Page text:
“Accra City Blues” is an expression of love with ‘’Accra City’’, as he called it. Blitz The Ambassador metaphorical addressed ‘’Accra’’ in feminine term- a woman of his affection. On the song, he talked about how much he longs for her due to his long sojourn. To convey the emotional sentiment stirred up within, Blitz borrowed the story of Cinderella as reference. ”Accra City Blues/ Oh, she left her shoes/ Need her, want her / Tell me, where did she go’, he sang, his voice evoking steams of unabashed loss and a tingle of reunion.
On the second verse- where he rapped, Blitz described the tumultuous relationship he’d had with her (Accra): ‘’its funny how things change/ Used to be familiar now it all feel strange/ Screaming at each other all crazy and deranged/ Love shot me in the heart/ Point blank, close range’’. What followed was a chain of flashback of tragedy mixed with beautiful moments: he lying on the floor ‘gasping for air’ his mind paddled back to the time they listened to ‘Sade’s ‘’Love Deluxe’ album, the polarized picture and the memories she left behind.
One would have thought a soothing afro-soul ballad like “Accra City Blues” would have stood on its on hind without a rap verse. But, Blitz thought otherwise. His rap verse, however, did not dim the brightness of the track. Again, Blitz and his Embassy MVMT band revisited something that was associated with traditional highlife songs: enough space for the beat to rock uninterrupted by any vocal deliveries, chants or any form of distraction. The relatively ‘long beat’ meant the listener could imbibe the beauty of the production while also, appreciating the piece of art that the Blitz and his band mates had served on the record.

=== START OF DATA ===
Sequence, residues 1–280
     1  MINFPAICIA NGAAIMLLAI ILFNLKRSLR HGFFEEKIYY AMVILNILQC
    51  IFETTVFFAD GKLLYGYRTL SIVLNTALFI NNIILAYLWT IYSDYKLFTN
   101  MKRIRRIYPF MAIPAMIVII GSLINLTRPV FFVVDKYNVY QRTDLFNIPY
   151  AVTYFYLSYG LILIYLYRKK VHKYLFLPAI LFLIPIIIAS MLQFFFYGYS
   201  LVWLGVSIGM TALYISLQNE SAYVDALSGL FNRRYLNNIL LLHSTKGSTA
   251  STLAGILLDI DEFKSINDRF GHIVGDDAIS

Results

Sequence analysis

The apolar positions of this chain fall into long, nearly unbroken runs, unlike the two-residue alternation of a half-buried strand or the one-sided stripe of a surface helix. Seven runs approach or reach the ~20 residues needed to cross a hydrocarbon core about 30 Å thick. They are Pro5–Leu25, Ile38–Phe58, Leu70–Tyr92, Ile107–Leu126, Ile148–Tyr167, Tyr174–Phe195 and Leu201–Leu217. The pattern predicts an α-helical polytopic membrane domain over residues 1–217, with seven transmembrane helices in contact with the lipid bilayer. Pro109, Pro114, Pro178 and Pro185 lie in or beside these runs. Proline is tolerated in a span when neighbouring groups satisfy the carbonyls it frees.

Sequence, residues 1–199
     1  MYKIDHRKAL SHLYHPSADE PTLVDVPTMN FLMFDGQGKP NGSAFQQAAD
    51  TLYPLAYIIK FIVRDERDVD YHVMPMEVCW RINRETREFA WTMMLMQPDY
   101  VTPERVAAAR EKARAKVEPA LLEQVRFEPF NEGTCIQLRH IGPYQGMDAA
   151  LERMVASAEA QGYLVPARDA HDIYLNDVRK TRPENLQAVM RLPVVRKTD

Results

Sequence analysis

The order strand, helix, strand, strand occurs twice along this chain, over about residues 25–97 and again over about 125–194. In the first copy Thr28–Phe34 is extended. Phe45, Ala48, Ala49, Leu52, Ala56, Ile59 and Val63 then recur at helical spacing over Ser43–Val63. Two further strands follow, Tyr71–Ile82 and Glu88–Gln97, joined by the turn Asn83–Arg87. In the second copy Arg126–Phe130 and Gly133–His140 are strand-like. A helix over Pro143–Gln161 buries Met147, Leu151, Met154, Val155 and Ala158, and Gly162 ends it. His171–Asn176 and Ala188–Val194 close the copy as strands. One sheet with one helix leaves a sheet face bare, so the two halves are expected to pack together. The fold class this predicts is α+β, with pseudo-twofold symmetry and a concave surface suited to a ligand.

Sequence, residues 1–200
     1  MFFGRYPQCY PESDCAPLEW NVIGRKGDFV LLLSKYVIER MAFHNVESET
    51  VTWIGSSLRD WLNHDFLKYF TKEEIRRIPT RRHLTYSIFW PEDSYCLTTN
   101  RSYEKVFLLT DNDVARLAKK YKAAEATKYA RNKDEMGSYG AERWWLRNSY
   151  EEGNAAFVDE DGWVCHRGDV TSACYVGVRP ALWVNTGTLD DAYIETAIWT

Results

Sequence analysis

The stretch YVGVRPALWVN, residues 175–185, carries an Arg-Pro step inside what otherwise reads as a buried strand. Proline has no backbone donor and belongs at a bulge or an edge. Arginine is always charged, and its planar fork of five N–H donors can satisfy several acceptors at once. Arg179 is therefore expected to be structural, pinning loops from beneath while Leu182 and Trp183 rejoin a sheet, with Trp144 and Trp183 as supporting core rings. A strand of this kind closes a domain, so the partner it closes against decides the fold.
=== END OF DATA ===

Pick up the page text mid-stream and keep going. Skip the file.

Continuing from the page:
“Accra City Blues”, similar to other songs on the “Native Sun” album combined aspects of live recording and digital aesthetics. This fusion of styles is easy to spot across the album. As someone who loves to perform live, this approach- which has become something of a trademark was/is a calculative move. And if you have seen Blitz live in concert, you would appreciate this approach even more.
“Native Sun”, released under Jakarta Records in 2011 reverberated with a lot of socio-political and economic commentary bothering on black power, a sharp critique on poor governance and the machinations of Western powers to exploit the continent to fuel their development and not ours. He channeled the spirit and thoughts of his heroes like Kwame Nkrumah, Thomas Sankara, Fela Kuti, and Nelson Mandela across songs like “Akwaaba”, “Dear Africa ft Les Nubians”, “Free Your Mind”, “Victory”, and the ebullient “Wahala” ft Keziah Jones. Despite each track echoing a certain degree of feeling in the listener, “Accra City Blues” towers above the rest in this respect.
Blitz The Ambassador’s debut film, “The Burial of Kojo” would be screened on Nextflix on March 31 after it was scooped by Ava DuVernay’s film collective, ARRAY.